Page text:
Will You Be My Valentine?

February 12th, 2013by Olivia MahoneyFiled under: Collections, Stories

February in Chicago usually means lousy weather, but we have lots of holidays to cheer us up: Groundhog Day, Lincoln’s Birthday, Washington’s Birthday, and, last but not least, Valentine’s Day.

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Valentines given to Chicagoan Ruth Moline, 1900s–1920s
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First associated with romantic love in the Middle Ages, Valentine’s Day is a special day set aside for sweethearts to exchange greeting cards and small gifts that express their love for one another. Paper valentines became popular in England in the early nineteenth century and quickly spread to America. By the late nineteenth century, commercial greeting card companies were mass-producing Valentine’s Day cards, and today, we send approximately 150 million each year.

Most valentines are probably thrown away, but some, including those I recently found in the Museum’s collection, are saved and treasured. The collection numbers about two dozen valentines given to a young Chicagoan named Ruth Moline. Most of them are from the early 1900s to 1920s, when commercially made valentines began to inundate the American market. Several are the pop-up kind, while others are simpler in form. All of them appear to be from Ruth’s grade-school friends. In Chicago, Valentine’s Day is usually associated with a famous gangland slaying on North Clark Street, but these sweet tokens of friendship offer a welcome change.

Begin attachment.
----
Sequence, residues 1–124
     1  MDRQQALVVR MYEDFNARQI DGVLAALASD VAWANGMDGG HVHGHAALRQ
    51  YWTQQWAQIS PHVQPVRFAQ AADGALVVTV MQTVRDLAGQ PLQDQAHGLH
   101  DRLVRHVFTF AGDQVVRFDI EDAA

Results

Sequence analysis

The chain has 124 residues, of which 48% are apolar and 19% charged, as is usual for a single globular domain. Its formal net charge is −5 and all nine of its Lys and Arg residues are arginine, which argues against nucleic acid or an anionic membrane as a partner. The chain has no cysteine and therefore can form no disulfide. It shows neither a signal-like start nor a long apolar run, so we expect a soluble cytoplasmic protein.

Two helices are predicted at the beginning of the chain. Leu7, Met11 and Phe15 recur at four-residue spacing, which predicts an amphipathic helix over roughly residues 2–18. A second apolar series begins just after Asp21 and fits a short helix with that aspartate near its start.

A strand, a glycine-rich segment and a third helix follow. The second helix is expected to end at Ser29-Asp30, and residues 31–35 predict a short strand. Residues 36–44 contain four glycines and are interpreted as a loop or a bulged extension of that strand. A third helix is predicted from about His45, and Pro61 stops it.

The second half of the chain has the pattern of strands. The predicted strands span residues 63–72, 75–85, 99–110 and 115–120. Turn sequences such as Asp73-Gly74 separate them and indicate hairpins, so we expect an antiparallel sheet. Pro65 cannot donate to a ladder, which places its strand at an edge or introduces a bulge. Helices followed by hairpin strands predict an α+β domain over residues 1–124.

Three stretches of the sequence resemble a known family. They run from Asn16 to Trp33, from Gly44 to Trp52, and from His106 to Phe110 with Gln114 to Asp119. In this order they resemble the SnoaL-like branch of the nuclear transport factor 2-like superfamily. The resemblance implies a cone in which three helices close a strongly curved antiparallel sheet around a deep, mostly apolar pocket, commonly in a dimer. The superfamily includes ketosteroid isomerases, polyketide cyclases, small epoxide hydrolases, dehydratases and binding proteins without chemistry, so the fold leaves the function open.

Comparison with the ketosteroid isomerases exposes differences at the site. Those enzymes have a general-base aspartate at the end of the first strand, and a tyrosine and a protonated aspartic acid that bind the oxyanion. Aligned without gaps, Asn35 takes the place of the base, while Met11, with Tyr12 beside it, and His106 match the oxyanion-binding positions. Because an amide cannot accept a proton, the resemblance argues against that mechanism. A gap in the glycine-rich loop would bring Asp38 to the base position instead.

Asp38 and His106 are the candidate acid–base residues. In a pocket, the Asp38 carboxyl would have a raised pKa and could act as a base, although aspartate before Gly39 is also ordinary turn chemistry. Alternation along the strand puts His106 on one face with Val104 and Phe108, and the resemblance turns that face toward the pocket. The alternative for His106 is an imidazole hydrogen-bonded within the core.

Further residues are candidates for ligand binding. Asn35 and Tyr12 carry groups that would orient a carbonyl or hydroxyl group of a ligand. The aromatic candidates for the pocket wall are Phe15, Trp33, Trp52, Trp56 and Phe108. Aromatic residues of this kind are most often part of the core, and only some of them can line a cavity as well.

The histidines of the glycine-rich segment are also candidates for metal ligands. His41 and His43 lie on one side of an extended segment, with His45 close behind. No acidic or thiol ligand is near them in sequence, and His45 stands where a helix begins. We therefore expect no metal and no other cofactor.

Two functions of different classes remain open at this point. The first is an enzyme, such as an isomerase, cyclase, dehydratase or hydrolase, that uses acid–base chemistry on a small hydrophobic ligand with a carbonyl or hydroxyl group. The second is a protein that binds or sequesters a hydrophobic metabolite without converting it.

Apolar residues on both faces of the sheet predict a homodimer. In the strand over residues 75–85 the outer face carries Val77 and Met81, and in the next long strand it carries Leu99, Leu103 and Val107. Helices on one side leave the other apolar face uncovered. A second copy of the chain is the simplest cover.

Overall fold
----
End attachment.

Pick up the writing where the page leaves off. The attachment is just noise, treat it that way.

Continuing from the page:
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Happy Valentine’s Day!

> Check out all things Valentine’s Day at history.com

> Explore the Met’s collection of historic valentines

> Read about the infamous St. Valentine’s Day Massacre of 1929

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